The goods taken were composed principly [sic] of silk Dress goods, Boys & Childrens [sic] Readymade [sic] Clothing, Calicos, Delanos[5], Fingis and a general assortment of Dress Trimmings, Muslins Linins, Etc [sic] that were unfit for soldiering entirely[.] They took a lot of Readymade Clothing that had been again and again picked over for goods suitable for Army purposes which doubtless many of the plunderers knew as many of them were well acquainted with us and the caracter [sic] of the goods we had. Our glass doors and shoe case and lites [sic] in the framework of the Post office were broken up and our Desk wantonly punched and split with their guns[.]

They plundered the stores of the most prominant [sic] union men and did not plunder those belonging to men less odious on account of their loyalty to the Government of the united states [sic][.] They were in town long enough to acertain [sic] the political Status of every Merchant then doing business here if they had been strangers but as many of them were residents of the county they doubtless knew without inquiry[.] Thus the avowed enemies of the Government of the United States have robbed us of our own heard [sic] earnings and just rights and malishously [sic] distryed [sic] them or appropriated them to the use of their Relatives Friends and Rebel sympathizers because we were its Friends [sic] [.]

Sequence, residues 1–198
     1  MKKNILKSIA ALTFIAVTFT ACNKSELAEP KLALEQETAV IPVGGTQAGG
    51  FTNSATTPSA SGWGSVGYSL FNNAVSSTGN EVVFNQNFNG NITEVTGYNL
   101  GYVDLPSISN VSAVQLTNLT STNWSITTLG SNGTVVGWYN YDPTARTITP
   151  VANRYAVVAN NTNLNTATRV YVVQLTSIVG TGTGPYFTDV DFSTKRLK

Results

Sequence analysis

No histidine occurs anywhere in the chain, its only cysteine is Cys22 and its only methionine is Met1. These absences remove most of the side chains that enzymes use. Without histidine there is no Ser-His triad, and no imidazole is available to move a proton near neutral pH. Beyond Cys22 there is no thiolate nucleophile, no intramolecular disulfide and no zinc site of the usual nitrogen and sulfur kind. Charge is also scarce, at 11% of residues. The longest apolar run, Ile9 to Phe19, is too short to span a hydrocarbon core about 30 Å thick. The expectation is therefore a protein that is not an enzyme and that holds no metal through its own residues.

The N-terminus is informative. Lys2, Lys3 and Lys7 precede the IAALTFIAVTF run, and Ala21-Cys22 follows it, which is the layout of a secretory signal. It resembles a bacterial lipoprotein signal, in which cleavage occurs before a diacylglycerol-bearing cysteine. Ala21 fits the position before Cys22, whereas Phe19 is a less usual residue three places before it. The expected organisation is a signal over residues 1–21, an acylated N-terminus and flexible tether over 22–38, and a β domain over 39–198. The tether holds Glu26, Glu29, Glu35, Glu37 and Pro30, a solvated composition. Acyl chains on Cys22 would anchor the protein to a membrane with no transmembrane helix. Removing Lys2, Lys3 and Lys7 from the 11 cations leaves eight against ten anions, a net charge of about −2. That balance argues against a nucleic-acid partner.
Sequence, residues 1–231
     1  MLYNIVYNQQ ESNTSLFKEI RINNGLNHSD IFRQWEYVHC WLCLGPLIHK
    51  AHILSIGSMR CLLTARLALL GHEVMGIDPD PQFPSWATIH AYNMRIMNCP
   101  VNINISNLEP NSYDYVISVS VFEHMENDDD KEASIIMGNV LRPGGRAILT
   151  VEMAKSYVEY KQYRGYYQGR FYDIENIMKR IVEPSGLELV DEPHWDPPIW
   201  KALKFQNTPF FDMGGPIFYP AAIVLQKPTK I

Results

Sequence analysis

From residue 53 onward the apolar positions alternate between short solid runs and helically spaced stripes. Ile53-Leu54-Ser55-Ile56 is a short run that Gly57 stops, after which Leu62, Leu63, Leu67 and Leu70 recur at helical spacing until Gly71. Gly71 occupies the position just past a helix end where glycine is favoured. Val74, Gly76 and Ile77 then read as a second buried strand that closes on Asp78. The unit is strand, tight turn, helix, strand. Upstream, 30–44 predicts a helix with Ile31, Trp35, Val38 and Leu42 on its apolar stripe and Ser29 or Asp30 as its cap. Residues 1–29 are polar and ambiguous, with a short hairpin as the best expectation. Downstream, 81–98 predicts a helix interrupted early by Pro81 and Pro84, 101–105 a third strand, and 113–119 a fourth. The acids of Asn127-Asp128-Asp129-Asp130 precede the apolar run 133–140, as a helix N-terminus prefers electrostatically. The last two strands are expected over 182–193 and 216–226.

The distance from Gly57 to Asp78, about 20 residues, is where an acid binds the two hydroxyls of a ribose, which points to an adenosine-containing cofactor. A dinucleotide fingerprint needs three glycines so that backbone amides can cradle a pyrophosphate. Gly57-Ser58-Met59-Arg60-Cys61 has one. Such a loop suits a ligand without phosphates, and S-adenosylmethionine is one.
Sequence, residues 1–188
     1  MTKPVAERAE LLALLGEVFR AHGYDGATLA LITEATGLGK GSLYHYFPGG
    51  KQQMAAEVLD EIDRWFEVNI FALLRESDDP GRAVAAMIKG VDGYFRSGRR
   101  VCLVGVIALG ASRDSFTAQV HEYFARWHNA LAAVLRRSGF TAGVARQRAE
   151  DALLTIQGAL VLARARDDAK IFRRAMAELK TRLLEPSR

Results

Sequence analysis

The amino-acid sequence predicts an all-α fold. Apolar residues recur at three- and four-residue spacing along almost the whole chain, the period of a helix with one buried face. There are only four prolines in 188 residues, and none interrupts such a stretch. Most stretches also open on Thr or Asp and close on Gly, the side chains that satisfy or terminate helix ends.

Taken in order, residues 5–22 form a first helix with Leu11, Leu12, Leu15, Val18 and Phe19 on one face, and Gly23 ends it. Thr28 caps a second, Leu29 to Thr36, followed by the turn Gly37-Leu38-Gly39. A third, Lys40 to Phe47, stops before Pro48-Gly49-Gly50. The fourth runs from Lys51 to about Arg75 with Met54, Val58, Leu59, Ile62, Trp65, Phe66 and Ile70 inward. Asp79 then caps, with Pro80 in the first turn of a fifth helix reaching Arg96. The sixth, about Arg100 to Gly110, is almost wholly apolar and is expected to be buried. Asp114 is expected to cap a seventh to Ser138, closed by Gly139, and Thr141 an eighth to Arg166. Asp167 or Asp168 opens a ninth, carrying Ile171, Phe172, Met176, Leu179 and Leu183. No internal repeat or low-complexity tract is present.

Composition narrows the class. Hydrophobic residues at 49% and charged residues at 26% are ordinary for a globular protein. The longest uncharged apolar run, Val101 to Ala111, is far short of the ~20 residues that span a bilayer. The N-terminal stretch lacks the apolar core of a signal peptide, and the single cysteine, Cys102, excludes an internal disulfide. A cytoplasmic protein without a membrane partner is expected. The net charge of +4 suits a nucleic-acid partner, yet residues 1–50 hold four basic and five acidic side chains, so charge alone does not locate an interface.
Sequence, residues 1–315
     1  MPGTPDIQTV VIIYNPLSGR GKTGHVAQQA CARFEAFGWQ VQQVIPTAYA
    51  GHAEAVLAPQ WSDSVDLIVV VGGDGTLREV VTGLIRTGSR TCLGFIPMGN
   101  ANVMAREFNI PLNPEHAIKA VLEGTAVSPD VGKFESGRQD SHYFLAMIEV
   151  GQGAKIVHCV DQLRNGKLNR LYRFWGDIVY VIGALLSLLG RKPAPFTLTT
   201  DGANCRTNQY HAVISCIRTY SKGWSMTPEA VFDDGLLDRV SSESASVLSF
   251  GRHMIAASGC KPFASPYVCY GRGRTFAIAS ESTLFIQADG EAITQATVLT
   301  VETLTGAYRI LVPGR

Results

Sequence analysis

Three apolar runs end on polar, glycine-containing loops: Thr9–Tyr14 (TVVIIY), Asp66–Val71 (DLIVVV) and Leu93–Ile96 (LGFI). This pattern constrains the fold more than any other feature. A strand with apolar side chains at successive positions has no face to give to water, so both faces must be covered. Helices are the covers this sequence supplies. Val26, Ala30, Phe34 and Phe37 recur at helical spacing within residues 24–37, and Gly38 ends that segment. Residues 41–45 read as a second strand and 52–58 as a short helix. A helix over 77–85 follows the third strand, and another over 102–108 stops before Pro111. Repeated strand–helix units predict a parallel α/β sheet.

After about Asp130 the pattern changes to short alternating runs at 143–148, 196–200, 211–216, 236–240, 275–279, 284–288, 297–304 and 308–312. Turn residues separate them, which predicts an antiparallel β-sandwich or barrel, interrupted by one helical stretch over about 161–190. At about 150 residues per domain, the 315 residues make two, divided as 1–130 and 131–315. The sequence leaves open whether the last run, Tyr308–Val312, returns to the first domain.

Furthermore your petitioners would represent to your Excellency That but for the existing rebellion in which these plunderers were engaged against the Government of the united States [sic] and the Government of the state of Tennessee as an integral part therof [sic] That we could collect remuneration of the depredators [sic] themselves by virtue of the Laws of the state of Tennessee and moreover By the Laws of the state of Tennessee your petitioners could convict several of the friends and sympathisers [sic] of this Rabble Bandit as Particeps criminis [sic] in said plundering as they were the recipients of our goods known to be thus obtained in defiance of the Laws of the state of Tennessee.

But we are estopped by the extraordinary troubles upon the country superinduced [sic] by the Rebellion against the Government of the united states [sic] and thisfar [sic] successful defiance of the Laws of the State of Tennessee in which these plunderers were engaged and by which they are being shielded from the penalties due Burglers [sic] & Thieves under the laws of the state of Tennessee[.]

Your petitioners are Bonafide [sic] citizens of the united states [sic] and have demeaned ourselves as much for which we have been maltreated[.] We think we come fully within the purview of your Excellencies Proclamation of May the 9th 1862[.] We therfore [sic] earnestly petition your Excellency to enforce said proclamation in our behalf to the end that such an amount be collected as your Excellency may think that we are intiltled [sic] to from our own Statements, and Statements by others herewith submitted and cause the same to be paid to us that we may pay the Same to our creditors who had intrusted the goods to our hands for which we are still bound morally and legally and would have been paid long ago but for the losses brought upon us by the Rebellion For which your Excellencies [sic] consideration and kindness will ever be acknowledged.

State of Tennessee/Williamson County }Personally appear before me Alexlr. Witherspoon, Provost Marshall of Franklin Tennessee A W Moss [sic] who affirms and H C Sinclair who makes oath that the Statements made in the foregoing petition are true to best of their knowledge and belief.

Papers of Andrew Johnson, Vol. 6, pp. 551-553.

        9, On Brownlow'sKnoxville Whig for January 9, 1864

East Tennessee